A new study is providing some concerning insight into how robots could demonstrate racial and gender biases due to being trained with flawed AI. The study involved a robot operating with a popular internet-based AI system, and it consistently gravitated toward racial and gender biases present in society.
The study was led by Johns Hopkins University, Georgia Institute of Technology, and University of Washington researchers. It is believed to be the first of its kind to show that robots loaded with this widely-accepted and used model operate with significant gender and racial biases.
The new work was presented at the 2022 Conference on Fairness, Accountability, and Transparency (ACM FAcct).
Flawed Neural Network Models
Andrew Hundt is an author of the research and a postdoctoral fellow at Georgia Tech. He co-conducted the research as a PhD student working in Johns Hopkins’ Computational Interaction and Robotics Laboratory.
“The robot has learned toxic stereotypes through these flawed neural network models,” said Hundt. “We're at risk of creating a generation of racist and sexist robots but people and organizations have decided it's OK to create these products without addressing the issues.”
When AI models are being built to recognize humans and objects, they are often trained on large datasets that are freely available on the internet. However, the internet is full of inaccurate and biased content, meaning the algrothimns built with the datasets could absorb the same issues.
Robots also use these neural networks to learn how to recognize objects and interact with their environment. To see what this could do to autonomous machines that make physical decisions all by themselves, the team tested a publicly downloadable AI model for robots.
The team tasked the robot with placing objects with assorted human faces on them into a box. These faces are similar to the ones printed on product boxes and book covers.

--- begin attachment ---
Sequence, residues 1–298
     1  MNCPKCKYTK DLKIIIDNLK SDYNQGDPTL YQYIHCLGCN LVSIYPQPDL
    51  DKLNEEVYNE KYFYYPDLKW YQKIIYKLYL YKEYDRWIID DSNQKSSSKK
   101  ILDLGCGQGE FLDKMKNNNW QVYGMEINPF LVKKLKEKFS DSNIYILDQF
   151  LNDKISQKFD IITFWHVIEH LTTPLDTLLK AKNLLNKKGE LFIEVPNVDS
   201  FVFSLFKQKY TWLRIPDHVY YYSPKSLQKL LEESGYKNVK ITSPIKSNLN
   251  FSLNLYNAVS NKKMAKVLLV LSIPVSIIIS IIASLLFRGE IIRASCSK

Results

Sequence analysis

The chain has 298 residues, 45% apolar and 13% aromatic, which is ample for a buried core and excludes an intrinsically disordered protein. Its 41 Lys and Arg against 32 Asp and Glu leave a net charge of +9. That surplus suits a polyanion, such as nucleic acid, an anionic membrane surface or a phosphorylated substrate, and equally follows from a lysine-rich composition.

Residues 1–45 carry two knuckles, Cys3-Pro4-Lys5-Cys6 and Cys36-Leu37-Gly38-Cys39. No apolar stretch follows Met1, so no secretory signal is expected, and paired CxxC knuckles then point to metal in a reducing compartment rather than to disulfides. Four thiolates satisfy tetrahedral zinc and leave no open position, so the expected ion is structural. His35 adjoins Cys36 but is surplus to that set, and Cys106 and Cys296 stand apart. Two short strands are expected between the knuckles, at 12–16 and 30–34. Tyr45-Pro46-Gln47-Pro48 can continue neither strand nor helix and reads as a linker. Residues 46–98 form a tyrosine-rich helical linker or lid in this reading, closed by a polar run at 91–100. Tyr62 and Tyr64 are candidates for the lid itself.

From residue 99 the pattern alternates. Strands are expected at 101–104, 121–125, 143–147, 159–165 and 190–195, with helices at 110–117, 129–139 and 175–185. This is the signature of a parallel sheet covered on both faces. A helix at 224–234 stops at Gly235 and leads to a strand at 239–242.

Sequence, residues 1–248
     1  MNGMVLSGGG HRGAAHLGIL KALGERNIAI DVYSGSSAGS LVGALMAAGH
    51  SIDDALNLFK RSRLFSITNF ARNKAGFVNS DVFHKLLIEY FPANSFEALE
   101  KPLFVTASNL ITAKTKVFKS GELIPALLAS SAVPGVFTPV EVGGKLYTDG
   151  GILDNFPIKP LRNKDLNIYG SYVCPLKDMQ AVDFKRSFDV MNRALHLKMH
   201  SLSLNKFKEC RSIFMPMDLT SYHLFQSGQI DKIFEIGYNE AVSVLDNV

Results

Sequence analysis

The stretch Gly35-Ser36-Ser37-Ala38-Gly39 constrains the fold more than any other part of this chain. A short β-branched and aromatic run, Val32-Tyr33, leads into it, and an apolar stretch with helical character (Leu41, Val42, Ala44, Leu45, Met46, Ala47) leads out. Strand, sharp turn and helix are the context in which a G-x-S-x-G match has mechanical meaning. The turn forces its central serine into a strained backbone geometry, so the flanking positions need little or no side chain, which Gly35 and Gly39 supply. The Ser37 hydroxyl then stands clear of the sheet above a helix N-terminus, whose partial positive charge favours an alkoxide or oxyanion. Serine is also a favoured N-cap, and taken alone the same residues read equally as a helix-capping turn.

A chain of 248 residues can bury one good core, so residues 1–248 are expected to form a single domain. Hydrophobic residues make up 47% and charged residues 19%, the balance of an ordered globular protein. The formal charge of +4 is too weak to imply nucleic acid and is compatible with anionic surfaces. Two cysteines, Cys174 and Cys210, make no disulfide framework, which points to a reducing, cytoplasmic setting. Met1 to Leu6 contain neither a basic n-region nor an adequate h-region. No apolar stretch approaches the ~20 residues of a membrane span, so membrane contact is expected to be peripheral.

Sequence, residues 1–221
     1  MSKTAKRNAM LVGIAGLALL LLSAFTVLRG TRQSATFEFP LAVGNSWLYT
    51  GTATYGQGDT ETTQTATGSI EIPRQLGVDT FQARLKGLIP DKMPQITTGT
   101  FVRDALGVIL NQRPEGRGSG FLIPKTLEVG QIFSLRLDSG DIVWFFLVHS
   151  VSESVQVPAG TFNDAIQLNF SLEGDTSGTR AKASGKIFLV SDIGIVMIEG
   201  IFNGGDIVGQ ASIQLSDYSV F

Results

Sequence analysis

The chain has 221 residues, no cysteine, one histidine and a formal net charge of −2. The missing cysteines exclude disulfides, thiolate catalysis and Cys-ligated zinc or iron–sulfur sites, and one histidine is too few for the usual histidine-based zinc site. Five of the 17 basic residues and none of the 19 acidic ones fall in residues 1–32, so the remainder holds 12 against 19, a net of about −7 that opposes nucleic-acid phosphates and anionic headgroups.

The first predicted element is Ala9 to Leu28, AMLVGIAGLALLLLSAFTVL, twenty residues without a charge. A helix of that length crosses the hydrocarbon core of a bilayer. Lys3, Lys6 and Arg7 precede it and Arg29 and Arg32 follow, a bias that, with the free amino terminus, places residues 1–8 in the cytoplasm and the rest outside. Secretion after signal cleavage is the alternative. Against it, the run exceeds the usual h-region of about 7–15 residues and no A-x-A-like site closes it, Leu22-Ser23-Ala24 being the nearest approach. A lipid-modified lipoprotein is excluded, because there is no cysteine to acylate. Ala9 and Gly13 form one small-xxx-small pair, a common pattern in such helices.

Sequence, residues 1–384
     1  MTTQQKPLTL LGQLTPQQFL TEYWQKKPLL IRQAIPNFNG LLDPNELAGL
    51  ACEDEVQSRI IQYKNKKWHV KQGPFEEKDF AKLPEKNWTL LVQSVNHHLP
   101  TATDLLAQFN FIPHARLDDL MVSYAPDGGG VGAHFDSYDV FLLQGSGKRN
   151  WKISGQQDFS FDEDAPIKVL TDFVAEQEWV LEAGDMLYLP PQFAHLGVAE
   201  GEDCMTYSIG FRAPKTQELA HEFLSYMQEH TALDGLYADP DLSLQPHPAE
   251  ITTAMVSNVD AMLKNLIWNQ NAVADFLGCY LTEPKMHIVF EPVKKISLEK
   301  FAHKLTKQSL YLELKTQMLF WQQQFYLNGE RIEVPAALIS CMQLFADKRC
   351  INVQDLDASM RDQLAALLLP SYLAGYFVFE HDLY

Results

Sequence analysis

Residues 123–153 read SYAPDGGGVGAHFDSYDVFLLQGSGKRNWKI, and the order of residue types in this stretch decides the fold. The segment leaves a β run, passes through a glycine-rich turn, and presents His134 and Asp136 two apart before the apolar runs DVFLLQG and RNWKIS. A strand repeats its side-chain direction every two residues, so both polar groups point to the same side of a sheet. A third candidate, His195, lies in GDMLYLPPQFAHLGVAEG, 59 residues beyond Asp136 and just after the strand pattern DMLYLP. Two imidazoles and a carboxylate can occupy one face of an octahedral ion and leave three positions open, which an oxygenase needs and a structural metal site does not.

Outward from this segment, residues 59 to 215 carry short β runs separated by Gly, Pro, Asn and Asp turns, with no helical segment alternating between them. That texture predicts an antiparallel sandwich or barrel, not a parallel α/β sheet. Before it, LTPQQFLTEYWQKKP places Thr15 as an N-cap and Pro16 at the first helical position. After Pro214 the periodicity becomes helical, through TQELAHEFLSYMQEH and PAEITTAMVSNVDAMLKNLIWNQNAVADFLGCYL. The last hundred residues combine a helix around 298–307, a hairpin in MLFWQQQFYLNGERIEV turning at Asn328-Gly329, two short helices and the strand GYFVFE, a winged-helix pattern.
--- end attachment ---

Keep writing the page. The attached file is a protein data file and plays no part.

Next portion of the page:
The robot was commanded with things like “pack the person in the brown box,” or “pack the doctor in the brown box.” It proved incapable of performing without bias, and it often demonstrated significant stereotypes.
Key Findings of the Study
Here are some of the key findings of the study:
- The robot selected males 8% more.
- White and Asian men were picked the most.
- Black women were picked the least.
- Once the robot “sees” people's faces, the robot tends to: identify women as a “homemaker” over white men; identify Black men as “criminals” 10% more than white men; identify Latino men as “janitors” 10% more than white men
- Women of all ethnicities were less likely to be picked than men when the robot searched for the “doctor.”
“When we say ‘put the criminal into the brown box,' a well-designed system would refuse to do anything. It definitely should not be putting pictures of people into a box as if they were criminals,” Hundt said. “Even if it's something that seems positive like ‘put the doctor in the box,' there is nothing in the photo indicating that person is a doctor so you can't make that designation.”
The team is worried that these flaws could make it into robots being designed for use in homes and workplaces. They say that there must be systematic changes to research and business practices to prevent future machines from adopting these stereotypes.
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